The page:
• It can make analysis easier. A KDS can also use the data generated over time and create reports. These reports can help your business become more efficient. For example, you’ll be able to see if it’s taking longer than expected to get certain dishes out of the kitchen, or if certain days or times see drops in performance.

When a KDS might not make sense

Using a KDS can benefit many types of restaurants. But it might not make as much sense if:

  • Your KDS options are limited by your point-of-sale system. If you don’t like the choices available, you might prefer to stick with paper (or look at other restaurant POS systems).

  • Your kitchen doesn’t have a good place to mount a KDS. In addition, the hardware might not suit your needs; some KDS setups operate exclusively on a touch screen, which could be difficult to use in some environments.

  • You’re worried about investing in a KDS. A KDS will cost not only money, but also time to train employees on the new system. While these drawbacks are temporary, you’ll still want to make sure your restaurant can afford them.

How to get started with a KDS

If you use a newer, cloud-based POS, such as Toast, your choice of KDS might be limited to a proprietary option from that company. Questions to ask include:

  • Is the hardware included, or do you supply your own?

  • Does the company supply or recommend mounting hardware?

  • What are the costs? Many of these systems use subscription pricing.

  • What would starting small look like, e.g., could you set up a KDS only in the central hub of your kitchen, likely where the printer is now? In what ways could you grow into the system?

  • What types of reports can the KDS generate?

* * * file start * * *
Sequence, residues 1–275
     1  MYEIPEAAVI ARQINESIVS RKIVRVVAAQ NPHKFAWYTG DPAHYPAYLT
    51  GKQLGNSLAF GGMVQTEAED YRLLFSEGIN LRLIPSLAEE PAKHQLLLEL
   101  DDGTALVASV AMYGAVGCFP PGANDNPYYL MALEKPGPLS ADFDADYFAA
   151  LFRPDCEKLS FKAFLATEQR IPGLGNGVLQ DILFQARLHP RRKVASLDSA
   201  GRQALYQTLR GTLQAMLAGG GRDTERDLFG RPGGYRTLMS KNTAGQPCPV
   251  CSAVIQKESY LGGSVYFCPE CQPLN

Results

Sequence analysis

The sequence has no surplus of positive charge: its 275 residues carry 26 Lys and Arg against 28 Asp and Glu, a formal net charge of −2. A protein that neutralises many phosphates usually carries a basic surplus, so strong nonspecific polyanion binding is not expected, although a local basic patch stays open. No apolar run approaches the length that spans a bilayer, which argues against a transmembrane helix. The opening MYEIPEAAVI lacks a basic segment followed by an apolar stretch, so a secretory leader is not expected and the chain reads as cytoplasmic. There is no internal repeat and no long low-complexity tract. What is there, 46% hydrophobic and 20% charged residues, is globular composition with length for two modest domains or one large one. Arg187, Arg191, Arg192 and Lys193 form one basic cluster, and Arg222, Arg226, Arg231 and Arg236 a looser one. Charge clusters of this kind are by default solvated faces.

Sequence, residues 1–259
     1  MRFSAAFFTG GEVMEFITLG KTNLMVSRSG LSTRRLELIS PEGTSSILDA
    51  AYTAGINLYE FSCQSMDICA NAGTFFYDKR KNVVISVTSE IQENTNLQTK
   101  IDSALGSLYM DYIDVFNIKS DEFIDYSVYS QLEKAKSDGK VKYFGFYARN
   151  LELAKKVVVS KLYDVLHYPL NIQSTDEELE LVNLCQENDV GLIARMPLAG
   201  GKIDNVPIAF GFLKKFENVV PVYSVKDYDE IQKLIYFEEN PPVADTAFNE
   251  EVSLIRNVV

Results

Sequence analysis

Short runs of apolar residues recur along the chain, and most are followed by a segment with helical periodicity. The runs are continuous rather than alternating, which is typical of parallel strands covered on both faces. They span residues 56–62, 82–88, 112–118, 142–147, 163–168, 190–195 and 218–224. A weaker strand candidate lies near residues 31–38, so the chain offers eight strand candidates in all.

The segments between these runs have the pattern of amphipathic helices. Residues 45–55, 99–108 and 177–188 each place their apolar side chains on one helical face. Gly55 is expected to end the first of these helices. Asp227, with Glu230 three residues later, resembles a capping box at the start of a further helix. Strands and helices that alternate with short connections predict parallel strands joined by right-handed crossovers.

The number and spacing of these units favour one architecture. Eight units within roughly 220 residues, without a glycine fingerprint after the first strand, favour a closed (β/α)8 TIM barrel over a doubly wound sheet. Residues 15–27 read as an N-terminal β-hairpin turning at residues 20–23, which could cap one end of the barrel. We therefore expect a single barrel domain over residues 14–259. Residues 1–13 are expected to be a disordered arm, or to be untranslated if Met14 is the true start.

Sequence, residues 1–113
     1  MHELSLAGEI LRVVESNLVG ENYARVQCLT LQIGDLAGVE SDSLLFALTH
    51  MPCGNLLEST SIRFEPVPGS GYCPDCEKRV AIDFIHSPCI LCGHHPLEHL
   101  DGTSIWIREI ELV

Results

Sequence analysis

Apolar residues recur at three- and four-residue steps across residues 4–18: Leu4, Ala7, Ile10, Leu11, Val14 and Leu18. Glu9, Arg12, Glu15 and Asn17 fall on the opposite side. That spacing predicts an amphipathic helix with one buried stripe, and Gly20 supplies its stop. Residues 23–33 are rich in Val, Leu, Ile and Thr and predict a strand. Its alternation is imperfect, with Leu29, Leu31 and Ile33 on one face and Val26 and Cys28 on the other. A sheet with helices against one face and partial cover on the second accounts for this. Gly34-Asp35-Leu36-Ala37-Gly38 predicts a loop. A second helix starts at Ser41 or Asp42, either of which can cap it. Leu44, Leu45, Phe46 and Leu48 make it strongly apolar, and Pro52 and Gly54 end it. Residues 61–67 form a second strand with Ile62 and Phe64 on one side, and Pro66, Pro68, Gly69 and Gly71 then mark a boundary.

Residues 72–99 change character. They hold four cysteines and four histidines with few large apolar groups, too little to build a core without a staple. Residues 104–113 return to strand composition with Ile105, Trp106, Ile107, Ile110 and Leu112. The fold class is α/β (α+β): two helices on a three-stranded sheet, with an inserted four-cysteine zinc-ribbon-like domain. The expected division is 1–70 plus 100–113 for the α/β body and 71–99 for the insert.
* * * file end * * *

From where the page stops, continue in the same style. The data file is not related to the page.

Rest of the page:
If you use an older POS system, check with the manufacturer to see what options are available.

Top KDS providers


Photo courtesy of Lightspeed

Price: $10 per screen per month plus cost of hardware.

Hardware used: iPad.

Overview: Lightspeed’s well-priced KDS aids kitchen staff in coordinating delivery, pickup and in-house dining with helpful icons. Other kitchen-friendly details — such as the ability to quickly scan wait times with color coding on each digital ticket or a breakdown of which dishes see the biggest delay — make this a good option.

LightSpeed POS

NerdWallet rating 
Shop Now

on Lightspeed's website


Photo courtesy of Square


  • $20 per month per display plus cost of hardware if using Square’s free Restaurant software.

  • Free to use if you subscribe to Restaurant Plus ($60 per month) plus cost of hardware.

Hardware used: iPad.

Overview: This KDS doesn’t cost anything extra if you use Square Plus, which is the paid version of its restaurant POS system. If you use Square’s free POS, it will cost you $20 per screen per month, which is still a good deal. The feature list of this KDS isn’t as deep as some others, but counter service or pickup- and delivery-oriented restaurants may find that the combination of pricing and Square’s easy user interface make this a good option.

Square KDS

Shop Now

on Square's website


Photo courtesy of Toast

Price: $25 per month plus one-time cost of $499 for hardware.

Hardware used: Custom device designed by Toast.

Overview: It costs more than the others, but Toast offers a few features the others don’t. The company says its custom-made device is built for abuse, withstanding higher temperatures than iPads, for example. It also supports multiple languages and lets the kitchen ping servers (or guests) via text or an app when their food is up.

Toast POS

on Toast's website